I live in the country and I see a growing band of well-heeled people driving these vehicles. The sort of people are well known horse trainers and racing stable owners, on the gallops, watching their horses in the early morning and then going to a racecourse probably at the other end of the country for the start of racing by lunchtime. I use this group of people only as an example, but it does typify the sort of person who I know from first-hand experience chooses vehicles such as the Allroad. They could equally be surveyors, architects, landed gentry, the 'Royals' and all high-profile professional people needing to do their job or get from A to B whatever the weather.
The qualities of the Audi A6, the Avant and the quattro four-wheel drive systems have been well documented by the motoring media with barely a negative word to say, other than perhaps price. Audi interiors are now widely acknowledged as being the best in the business in the premium segment both for design, application and quality. The estate area is large (although not the largest) and the quattro system sharpens up the handling of all Audi models where it is offered as an option.
With the added adjustable air suspension you get the best of all worlds. Limpet-like road adhesion, a smooth, flat computer-controlled ride with good handling feedback to the driver and the ability to increase the ground clearance only when needed are all elements which combine to give the Allroad a serious advantage over traditional off-roaders unless, of course, really bad off-road terrain is likely to be encountered.
Snow, mud and rutted tracks will not stop the Allroad. But because it has a car-type suspension, it will not absorb the worst of impacts encountered dropping into very deep off-road tracks created by tractors and 4x4s. So it really is a case of knowing what the Allroad can do in reality and that, of course, means that for 99 per cent of the time it does everything you might need very well indeed.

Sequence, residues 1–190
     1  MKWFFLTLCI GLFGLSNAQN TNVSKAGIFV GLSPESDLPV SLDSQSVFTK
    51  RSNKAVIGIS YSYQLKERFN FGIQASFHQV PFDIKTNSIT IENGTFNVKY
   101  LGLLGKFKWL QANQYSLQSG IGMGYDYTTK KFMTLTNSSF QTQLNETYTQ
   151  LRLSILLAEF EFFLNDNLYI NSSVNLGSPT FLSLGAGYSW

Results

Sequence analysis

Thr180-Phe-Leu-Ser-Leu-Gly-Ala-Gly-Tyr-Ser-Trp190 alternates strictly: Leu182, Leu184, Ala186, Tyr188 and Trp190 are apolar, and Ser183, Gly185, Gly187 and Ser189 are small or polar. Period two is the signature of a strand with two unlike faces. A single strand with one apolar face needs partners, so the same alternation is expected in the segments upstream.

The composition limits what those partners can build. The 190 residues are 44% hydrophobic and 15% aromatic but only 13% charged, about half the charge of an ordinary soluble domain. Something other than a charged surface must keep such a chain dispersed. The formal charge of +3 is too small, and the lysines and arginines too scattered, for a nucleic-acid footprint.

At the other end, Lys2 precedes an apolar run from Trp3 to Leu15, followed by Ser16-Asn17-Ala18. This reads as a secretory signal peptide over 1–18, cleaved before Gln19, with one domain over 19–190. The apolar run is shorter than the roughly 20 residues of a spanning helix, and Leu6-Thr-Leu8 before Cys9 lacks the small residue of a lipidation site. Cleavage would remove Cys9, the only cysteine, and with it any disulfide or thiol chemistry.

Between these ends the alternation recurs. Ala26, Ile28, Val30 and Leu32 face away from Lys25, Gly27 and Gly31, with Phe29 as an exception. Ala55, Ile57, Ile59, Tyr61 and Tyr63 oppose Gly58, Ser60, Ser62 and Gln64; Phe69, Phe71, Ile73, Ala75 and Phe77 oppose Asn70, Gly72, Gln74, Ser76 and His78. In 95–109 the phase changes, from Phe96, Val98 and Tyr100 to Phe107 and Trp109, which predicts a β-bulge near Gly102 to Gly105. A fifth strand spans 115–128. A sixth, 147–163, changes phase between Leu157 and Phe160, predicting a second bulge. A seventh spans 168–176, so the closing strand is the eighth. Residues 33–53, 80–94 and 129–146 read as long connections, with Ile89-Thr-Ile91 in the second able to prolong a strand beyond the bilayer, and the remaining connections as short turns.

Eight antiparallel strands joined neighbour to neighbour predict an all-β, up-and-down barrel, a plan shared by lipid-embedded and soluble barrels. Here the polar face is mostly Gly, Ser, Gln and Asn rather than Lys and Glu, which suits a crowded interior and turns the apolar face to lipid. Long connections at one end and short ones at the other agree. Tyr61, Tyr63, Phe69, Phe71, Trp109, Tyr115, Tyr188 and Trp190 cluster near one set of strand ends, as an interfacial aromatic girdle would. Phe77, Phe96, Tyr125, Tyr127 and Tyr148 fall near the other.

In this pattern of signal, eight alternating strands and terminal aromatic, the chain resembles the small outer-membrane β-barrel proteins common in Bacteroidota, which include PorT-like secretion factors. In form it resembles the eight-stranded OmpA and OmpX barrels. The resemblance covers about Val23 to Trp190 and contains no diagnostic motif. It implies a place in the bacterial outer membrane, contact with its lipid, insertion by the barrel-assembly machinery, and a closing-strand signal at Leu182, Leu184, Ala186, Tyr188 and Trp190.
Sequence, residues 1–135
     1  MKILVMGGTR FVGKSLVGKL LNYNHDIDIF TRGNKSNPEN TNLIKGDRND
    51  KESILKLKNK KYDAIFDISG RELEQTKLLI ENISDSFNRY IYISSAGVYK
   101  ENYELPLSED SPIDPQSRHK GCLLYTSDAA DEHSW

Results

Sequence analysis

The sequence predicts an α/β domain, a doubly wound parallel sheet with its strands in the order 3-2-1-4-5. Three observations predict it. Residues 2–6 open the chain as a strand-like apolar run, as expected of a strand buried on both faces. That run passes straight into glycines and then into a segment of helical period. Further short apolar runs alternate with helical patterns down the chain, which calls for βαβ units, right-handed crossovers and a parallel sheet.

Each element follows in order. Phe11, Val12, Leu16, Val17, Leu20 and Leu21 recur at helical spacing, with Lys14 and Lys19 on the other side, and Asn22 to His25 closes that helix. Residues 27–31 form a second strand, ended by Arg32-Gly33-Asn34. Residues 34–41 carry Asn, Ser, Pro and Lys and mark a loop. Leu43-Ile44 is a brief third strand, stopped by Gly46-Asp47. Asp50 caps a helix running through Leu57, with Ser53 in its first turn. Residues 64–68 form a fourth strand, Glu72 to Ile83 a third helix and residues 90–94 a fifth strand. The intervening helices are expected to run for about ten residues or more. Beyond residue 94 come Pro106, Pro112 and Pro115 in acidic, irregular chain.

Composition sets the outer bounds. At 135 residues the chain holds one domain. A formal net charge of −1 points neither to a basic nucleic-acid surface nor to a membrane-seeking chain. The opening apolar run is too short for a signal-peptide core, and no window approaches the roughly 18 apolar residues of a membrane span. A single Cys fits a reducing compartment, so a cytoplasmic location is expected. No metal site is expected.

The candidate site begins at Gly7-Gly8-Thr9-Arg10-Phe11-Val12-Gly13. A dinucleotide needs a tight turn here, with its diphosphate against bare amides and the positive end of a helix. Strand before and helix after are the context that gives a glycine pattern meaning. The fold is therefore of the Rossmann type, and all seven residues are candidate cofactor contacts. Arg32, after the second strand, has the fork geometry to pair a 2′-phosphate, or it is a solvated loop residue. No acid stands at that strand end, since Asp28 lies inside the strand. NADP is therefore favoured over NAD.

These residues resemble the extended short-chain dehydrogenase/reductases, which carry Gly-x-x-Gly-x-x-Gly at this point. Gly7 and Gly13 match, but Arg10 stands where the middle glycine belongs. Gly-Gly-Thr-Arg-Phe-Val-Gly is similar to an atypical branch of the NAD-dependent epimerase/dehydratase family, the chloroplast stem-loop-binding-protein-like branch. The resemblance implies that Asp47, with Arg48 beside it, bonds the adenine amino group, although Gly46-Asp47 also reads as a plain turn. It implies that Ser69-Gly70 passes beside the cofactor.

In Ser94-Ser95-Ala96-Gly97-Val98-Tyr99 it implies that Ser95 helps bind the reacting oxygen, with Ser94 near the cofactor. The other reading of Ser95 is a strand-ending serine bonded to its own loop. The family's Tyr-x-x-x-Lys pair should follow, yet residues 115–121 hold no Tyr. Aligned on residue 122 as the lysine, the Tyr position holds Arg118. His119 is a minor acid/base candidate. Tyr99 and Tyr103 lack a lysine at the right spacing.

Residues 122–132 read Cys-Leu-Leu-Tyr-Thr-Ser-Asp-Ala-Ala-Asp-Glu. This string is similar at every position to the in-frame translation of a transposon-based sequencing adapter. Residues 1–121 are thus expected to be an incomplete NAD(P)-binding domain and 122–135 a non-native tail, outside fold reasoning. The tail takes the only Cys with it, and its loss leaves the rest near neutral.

Audi is quite right to say that the majority of customers will choose the 2.7-litre TDI, 178bhp diesel engine. However, for just a little more money and virtually the same fuel consumption, the 3.0-litre 230bhp TDI unit gives you noticeably more 'grunt'. It feels more responsive and more able to effortlessly cope with high on-road speeds.
And the big increase in torque when the going is tough through thick sticky mud is also a real benefit. This unit is also more in keeping with the performance from similar-sized new diesel engines being used by BMW and Mercedes as well. It would be my optimum choice of Allroad model, but I could happily live with the smaller 2.7-litre unit.
The new Allroad has a great deal going for it. It's a desirable brand, has impeccable interior design and quality and is only available in limited numbers. Furthermore, it delivers good on- and off-road per-formance to make it a luxury estate and posh workhorse all-in-one. Against? Nothing apart from a long list of high-cost options, some of which really ought to be standard fit in this market sector. David Miles
Audi A6 Allroad 2.7 V6 TDI quattro
Maximum speed: 133mph | 0-62mph: 9.3 seconds
Overall test MPG: 32.4mpg | Power: 178bhp | Torque: 281lb ft
Visit Audi's website